What is discussed less frequently is that this ‘validity’ of quartz as a raw material may well have roots beyond the immediacy of the raw material as analysed by modern technologists, but rather, the use of quartz was bound to the social, cosmological, and spiritual realities of the prehistoric communities and how they comprehended quartz and its place in the world. For much of the research presented, this aspect is usually considered secondarily, if at all, to the ‘hard facts’ of technology; a modern take on technology that is conceived and interpreted as fundamentally asocial in its conception and practice, and splits the social reality of technological practice for the seemingly more fundamental aspects, or questions, of technology – those which concern purely material and functional attributes (for discussions on the sociality of technology see Pfaffenberger 1988; Lemonnier 1993; Reynolds 1993; Dobres 2000; Ingold 2000).

Ingold (2000, 314) has argued that there was no such thing as technology in prehistory, by which he means that the modern concept of technology – as a sphere of activity separated from social relations, and as a means of mastery over, and distance from, nature – did not exist until relatively recently. Instead, Ingold (2000) emphasises skilled practice and the embeddedness of sociality in technology; he argues that the study of material culture should be based on artifice rather than artefacts, which emphasises technology as action. Similarly to Ingold, Dobres (2000, 1, 128, passim) maintains that people do not possess a technology but rather people enact technologies, and she places emphasis on practice and on the group – she calls these “mindful communities of practice”. Dobres argues that even seemingly ‘simple’ technologies were inherently political and consequently open for contestation and ambiguity, and that these were played out through technological practice. Reynolds (1993) describes the separation of the technical from the social as the “great tool-use fallacy”. In deconstructing this fallacy, he highlights the cooperative construction of artefacts and complementary action undertaken to bring this about. Reynolds (1993, 410-2) argues that even when people work alone, this is still social because the skills used are developed as a member of a group; it is usually just one action in a larger, community effort; required raw materials obtained through social exchange; and “because it is typically direct towards social ends”.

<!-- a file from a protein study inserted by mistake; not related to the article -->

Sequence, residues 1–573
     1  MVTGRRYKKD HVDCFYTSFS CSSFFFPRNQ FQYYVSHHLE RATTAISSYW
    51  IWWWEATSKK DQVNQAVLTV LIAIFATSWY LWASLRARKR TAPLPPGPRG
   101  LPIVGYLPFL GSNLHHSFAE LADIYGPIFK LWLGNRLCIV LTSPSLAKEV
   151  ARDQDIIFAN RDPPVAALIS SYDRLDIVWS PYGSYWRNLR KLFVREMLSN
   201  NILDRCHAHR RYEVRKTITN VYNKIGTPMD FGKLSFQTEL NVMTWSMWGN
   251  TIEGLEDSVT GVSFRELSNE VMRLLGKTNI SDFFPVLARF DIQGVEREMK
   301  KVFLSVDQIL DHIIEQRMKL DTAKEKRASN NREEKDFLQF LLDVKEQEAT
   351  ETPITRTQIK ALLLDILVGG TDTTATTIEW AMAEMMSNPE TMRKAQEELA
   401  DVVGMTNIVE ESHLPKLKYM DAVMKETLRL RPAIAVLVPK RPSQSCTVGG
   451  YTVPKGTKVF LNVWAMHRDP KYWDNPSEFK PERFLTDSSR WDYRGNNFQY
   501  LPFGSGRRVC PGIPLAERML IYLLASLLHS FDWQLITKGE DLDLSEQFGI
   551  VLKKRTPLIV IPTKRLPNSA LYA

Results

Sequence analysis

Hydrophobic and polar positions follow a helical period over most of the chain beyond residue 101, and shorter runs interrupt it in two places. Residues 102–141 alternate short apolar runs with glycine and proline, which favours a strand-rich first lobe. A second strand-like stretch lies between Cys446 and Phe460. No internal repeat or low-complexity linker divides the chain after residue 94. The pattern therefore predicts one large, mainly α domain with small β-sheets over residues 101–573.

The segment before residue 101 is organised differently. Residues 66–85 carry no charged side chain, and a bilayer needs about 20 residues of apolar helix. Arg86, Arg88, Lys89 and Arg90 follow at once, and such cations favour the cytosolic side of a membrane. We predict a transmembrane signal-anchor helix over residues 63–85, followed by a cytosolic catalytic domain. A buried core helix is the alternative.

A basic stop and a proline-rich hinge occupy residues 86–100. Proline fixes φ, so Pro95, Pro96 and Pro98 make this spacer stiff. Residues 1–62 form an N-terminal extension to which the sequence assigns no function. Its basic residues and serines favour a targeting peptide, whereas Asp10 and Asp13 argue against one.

Rankama et al. (2006) broached the question of how the analysis of a seemingly simple technology utilising quartz can be analysed in terms of what they consider the social dimensions of the technology, as has become more commonplace in the analysis of flint. They suggest that avenues taken by lithic analysts such as the study of learning processes, the transmission of skills, identifying skill levels, and issues regarding power and prestige are ill-suited for quartz studies and that it is “essential that the methods employed in these [quartz] studies are not selected on the basis of their popularity in current lithic research but purely on the basis of the applicability to the specific characteristics of vein quartz assemblages” (Rankama et al. 2006, 261). They suggest that investigations into the chaîne opératoires of quartz assemblages can provide an avenue into the social implications of quartz technology, by focusing attention on the choices taken in the reduction and use of the lithics.